The labyrinth, such as that found on the floor of Chartres Cathedral, by combining the circle and the spiral creates a meandering but purposeful path. In medieval times, it may have served as a substitute for a pilgrimage to Jerusalem.

The theme of journey is represented by migratory creatures such as hummingbirds, goldfinches, and monarch butterflies, as well as the walking iris flowers.

The walking stick bug aids the pilgrim along his way.



Prayer to St. Martin de Porres for Tolerance

St Martin, teach us to be generous with the gifts that God has given us.

Make us sympathetic toward those who are suffering and afflicted.

Pray to our Redeemer and to Our Lady of Mercy that we may always be kind and generous to our neighbors because they are the children of our heavenly Father.






Martin de Porres, a lay Dominican brother born in 16th Century Peru, was a defender of homeless people, a healer of the sick, a protector of unwanted animals, and the patron saint of all victims of racial prejudice. Martin broke through all the stereotypes and racial prejudices of his society and offered charity wherever it was needed.

The hard-working and persistent woodpecker represents the diligence necessary to achieve tolerance. His hammering motion also reflects the hammer of justice and the relentless message of justice.

The pineapple plant symbolizes hospitality and welcome. The starwort plant represents welcome to the stranger, while periwinkles denote friendship. The broom plant stands for humility and the just man.

The quatrefoil shape, with its four equal-sized lobes radiating from a common center, represents harmony.





Prayer for Patience

Be completely
humble and gentle;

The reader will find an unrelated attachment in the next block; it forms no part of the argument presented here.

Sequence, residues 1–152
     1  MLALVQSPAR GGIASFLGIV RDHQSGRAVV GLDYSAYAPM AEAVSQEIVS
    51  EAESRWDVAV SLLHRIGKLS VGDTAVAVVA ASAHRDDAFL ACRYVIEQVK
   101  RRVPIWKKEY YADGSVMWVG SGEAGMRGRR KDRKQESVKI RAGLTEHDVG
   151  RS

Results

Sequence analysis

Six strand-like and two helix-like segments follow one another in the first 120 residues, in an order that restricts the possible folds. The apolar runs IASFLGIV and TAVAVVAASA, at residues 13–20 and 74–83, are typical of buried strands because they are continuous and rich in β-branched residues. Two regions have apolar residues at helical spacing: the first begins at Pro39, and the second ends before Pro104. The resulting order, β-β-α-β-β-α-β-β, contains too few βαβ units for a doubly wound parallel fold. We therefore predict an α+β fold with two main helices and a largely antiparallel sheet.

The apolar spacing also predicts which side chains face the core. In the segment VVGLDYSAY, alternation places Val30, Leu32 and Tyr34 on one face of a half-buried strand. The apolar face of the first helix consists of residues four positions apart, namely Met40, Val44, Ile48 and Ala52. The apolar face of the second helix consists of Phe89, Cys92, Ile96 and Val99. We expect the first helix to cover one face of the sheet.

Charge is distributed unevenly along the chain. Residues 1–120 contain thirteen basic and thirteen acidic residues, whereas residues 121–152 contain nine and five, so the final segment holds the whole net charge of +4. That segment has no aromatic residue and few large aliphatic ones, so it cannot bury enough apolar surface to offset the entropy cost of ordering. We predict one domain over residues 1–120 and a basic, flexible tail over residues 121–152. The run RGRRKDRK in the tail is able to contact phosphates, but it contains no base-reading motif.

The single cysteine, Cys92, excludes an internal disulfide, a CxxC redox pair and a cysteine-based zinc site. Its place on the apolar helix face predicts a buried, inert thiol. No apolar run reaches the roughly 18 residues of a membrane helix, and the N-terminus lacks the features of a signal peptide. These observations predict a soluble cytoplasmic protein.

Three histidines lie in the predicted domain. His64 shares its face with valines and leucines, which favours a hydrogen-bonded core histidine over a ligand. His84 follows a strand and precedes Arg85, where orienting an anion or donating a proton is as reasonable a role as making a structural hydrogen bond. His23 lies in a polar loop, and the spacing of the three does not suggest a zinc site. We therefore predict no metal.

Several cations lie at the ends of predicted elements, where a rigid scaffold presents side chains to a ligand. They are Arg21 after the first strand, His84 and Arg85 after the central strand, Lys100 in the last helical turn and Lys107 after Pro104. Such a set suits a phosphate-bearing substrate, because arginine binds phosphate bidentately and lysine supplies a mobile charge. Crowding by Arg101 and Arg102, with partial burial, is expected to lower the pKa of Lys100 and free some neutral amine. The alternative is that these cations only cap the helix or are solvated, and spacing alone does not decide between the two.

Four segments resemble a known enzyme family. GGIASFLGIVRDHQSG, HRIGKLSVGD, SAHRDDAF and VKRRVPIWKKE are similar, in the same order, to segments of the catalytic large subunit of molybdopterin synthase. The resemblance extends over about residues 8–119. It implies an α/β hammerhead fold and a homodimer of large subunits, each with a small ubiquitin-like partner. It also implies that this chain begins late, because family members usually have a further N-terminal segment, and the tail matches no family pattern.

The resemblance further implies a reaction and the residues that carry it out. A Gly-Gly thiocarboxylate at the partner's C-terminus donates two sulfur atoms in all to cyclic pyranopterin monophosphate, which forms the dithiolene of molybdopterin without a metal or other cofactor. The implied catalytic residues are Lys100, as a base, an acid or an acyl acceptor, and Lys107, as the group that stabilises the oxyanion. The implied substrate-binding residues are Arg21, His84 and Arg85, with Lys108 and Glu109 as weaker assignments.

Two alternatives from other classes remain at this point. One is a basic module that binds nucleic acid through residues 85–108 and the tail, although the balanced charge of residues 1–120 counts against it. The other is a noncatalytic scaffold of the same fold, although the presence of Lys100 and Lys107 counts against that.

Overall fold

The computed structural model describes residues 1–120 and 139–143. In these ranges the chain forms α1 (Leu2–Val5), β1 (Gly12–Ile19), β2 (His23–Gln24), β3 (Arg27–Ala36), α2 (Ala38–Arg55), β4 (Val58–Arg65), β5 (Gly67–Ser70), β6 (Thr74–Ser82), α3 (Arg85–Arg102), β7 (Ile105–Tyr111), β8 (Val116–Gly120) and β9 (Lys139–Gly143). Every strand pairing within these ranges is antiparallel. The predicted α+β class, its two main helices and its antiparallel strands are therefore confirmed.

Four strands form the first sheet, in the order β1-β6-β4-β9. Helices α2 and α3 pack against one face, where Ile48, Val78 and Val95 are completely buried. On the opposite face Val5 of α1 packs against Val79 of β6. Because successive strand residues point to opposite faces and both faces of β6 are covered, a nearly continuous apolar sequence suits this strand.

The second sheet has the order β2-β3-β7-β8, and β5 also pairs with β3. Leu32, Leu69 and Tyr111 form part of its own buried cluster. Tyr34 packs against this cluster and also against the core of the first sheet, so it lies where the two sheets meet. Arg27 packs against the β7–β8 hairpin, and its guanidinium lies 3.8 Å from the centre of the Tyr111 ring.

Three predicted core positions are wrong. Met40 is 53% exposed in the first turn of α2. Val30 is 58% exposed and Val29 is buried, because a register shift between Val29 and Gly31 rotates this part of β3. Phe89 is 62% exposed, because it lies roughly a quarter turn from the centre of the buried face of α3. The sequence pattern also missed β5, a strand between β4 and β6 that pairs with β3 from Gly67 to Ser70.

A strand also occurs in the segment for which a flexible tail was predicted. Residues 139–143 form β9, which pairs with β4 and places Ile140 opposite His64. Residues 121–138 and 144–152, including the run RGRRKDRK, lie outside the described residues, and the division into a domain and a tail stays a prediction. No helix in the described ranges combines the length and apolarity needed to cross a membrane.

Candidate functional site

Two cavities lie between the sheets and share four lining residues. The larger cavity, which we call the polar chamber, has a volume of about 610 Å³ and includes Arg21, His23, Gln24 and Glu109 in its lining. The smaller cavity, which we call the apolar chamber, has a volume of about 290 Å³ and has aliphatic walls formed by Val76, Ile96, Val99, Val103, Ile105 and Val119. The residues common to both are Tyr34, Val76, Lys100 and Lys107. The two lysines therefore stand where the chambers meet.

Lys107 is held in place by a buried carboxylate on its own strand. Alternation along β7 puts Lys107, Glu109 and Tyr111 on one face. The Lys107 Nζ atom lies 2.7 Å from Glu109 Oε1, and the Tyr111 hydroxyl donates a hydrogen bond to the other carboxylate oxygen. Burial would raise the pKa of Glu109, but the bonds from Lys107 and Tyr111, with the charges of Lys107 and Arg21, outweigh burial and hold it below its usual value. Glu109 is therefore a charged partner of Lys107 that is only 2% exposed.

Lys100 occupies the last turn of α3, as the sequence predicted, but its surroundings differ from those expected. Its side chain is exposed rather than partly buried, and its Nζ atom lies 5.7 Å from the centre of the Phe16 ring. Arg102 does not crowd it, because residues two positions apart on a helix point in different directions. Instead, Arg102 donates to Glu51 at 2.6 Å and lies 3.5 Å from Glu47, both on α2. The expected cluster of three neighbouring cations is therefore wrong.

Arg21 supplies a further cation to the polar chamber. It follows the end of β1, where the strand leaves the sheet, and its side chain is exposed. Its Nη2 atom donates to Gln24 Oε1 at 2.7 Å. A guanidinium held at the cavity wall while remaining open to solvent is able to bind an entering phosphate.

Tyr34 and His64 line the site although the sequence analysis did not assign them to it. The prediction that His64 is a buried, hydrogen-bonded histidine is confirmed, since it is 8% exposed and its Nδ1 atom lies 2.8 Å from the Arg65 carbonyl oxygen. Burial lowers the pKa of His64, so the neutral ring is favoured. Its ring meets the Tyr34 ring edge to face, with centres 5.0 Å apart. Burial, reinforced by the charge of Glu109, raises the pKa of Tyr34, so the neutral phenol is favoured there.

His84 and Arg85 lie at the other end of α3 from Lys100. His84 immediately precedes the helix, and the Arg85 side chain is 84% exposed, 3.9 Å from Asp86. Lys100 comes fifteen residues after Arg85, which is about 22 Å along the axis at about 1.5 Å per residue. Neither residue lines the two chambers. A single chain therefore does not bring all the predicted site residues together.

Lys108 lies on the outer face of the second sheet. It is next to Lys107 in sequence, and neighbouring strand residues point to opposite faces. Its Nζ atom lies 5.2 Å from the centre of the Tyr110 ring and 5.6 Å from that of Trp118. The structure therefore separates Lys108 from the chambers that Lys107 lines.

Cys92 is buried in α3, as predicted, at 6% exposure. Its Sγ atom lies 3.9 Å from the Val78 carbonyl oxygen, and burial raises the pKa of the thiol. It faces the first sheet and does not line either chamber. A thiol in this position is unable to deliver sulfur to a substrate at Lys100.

be patient,
bearing with one another in love.

Ephesians 4:2








Because of its long journey around the earth each month, the moon represents patience. It is accompanied here by luna moths and the moon flower vine.

Great white egrets stand immobile while patiently watching for fish. The courteous chickadees calmly wait their turn while feeding.




Prayer to the Sacred Heart for Compassion

Lord, open our eyes
that we may see you in our brothers and sisters.
Lord, open our ears
that we may hear the cries of the hungry, the cold, the frightened, the oppressed.
Lord, open our hearts
that we may love each other as you love us.
Renew in us your spirit.
Lord, free us and make us one.

St. Teresa of Calcutta



Pope Francis describes the Sacred Heart of Jesus as the ultimate symbol of God’s mercy and compassion for humankind. The bleeding heart flowers echo this image.

Legend says that the compassionate robin tried to relieve Christ's suffering on the cross by plucking the thorns from the crown of thorns on his head. Christ’s blood stained its breast red forever.

Candles–represented here by the candle flowers–in giving light are consumed in the same way that a kind and compassionate person wears himself out in service to others.

The pomegranates that have been cut open symbolize Christian charity, which is open to all people.


©2016 Mary Lee Eggart